QUICK FIX OR LONG HAUL?
For the Americans emerging from the van, this was their first time in Africa. They were at the front of a short-term missions experience in Mali, West Africa, and I was their missionary host. The Malians welcoming us were incredibly hospitable. As they observed the visitors looking around and understood their questions, an older Malian man looked over at me. “Your visitors have big eyes, but they can’t see very far.”
Recognizing by the twinkle in his eye that this was an African proverb, I asked about its meaning. “They are looking at us with big eyes. They may think they can quickly understand us, but until they live here and get to know us well, they cannot. They see us through a shallow understanding as visitors.”
His words made me wonder if he thought the same about me. A little later, I privately asked him if I too had big eyes. “You did when you first came. But over time, you’ve learned to understand more deeply. The more you’re with us, the more you’ll know us. Your taking the time to learn our language has helped tremendously!”
Through worship-driven commitment, long-term international workers pour their lives into a people, knowing that in-depth understanding comes over time. The mind-numbing hard work of learning language and culture is essential.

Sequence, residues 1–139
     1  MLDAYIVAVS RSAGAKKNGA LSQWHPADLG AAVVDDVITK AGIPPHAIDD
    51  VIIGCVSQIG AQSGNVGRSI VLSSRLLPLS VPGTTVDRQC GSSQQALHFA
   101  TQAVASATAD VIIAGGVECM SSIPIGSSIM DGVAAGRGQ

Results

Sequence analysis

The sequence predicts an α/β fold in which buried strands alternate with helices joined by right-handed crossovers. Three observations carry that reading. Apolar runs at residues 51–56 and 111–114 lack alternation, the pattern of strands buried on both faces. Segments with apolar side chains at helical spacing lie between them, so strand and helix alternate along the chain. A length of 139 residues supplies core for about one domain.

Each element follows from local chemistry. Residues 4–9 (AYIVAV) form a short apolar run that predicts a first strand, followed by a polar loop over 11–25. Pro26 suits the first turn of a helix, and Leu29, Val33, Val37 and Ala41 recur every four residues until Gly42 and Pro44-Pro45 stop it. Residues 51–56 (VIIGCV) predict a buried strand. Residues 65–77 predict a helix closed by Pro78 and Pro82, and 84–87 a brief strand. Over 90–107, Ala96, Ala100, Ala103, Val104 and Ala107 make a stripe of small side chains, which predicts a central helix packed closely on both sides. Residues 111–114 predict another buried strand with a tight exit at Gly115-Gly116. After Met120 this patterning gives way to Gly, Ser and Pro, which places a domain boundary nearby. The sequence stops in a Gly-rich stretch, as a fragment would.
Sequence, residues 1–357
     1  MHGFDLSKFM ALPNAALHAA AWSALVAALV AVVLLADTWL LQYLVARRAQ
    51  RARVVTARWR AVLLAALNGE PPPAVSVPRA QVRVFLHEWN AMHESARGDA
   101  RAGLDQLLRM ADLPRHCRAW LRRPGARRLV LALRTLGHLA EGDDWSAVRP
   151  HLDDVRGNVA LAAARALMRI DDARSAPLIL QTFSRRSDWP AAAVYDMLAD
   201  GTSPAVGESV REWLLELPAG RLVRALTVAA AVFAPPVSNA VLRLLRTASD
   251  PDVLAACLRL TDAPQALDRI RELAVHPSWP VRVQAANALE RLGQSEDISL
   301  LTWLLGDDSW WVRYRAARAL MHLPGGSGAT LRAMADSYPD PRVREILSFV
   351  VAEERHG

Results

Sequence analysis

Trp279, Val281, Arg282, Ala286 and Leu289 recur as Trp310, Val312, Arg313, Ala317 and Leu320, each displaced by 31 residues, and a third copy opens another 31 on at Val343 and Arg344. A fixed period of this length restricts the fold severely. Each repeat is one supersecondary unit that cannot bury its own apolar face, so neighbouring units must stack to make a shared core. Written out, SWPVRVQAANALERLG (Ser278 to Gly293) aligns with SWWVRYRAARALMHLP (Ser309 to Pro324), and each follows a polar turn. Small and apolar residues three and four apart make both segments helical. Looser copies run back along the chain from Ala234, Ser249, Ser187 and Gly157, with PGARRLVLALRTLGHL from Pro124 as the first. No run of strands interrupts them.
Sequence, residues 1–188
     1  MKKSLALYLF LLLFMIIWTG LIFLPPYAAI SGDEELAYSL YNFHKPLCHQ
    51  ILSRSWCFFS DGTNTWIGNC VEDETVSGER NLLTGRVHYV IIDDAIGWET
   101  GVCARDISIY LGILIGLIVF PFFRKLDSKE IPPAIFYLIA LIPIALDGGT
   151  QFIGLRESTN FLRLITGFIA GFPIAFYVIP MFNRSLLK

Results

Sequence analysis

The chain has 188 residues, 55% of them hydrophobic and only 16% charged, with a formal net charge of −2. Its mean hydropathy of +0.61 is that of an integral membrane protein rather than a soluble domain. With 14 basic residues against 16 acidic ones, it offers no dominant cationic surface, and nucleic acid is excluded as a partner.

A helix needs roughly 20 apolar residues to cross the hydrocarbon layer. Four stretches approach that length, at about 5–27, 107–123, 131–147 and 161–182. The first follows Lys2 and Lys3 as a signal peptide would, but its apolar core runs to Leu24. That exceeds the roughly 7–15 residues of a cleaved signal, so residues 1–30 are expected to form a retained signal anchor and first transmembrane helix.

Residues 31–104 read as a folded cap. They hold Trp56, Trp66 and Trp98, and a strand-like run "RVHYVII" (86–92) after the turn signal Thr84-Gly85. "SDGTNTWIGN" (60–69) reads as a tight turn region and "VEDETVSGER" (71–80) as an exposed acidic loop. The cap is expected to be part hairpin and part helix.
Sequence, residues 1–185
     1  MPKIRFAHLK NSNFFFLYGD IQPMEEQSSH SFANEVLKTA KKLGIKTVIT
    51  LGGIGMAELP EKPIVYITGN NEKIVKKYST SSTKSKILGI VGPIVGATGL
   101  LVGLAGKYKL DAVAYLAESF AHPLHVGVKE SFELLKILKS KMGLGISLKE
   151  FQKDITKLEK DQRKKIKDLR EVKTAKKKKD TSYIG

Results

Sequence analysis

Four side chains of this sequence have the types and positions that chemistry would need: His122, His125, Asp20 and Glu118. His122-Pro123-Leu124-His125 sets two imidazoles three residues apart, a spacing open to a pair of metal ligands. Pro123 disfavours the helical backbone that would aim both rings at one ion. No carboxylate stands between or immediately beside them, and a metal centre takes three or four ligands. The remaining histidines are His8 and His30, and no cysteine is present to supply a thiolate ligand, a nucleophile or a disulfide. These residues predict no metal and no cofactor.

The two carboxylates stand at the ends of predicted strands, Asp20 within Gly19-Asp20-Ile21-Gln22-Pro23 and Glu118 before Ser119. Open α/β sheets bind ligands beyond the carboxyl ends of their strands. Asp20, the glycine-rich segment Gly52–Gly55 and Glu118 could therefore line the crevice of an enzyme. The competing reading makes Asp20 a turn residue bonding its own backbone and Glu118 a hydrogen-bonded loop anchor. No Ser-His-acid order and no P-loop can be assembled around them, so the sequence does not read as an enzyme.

Having long-term workers on the ground is the backbone of Alliance missions. Those who have culture-piercing eyes able to see deeply can win a hearing for the truth about Jesus. Their understanding, with the Holy Spirit’s power, enables them to frame the gospel in a way local people can grasp. Long-term workers can help those with big eyes (specifically, short-term workers) accomplish strategic, lasting results not otherwise possible.
Why invest for the long haul? Why so much time and effort?
• Because for peoples steeped in a religious system very distant from the teachings of Jesus, it takes time to shed old ways of thinking—of understanding self and the world around them—to embrace gradually a Christian worldview. It’s a long-term process of engaging with biblical truth . . . and discipleship, discipleship, discipleship.
• Because developing trust is not quick like a microwave; it’s more of a crockpot process.
• Because building bridges of trust strong enough to support the weight of truth takes time.
• Because moving from a visitor among an unreached people to a trusted “insider” whose life can be observed and whose words are taken seriously requires time.
• Because before anyone can reap a harvest, ground must be tilled, seeds sown and seedlings cultivated and watered.
Jesus became flesh and dwelt among us. Investing heavily in the lives of 12 men during the course of several years, He showed us that disciples are made, not born in an instant. He is Emmanuel, and costly investment of His all for them and for us was His method. As the Father sent Him, so He sends us . . . to make disciples, a costly and time-consuming work with timeless (i.e., eternal) impact!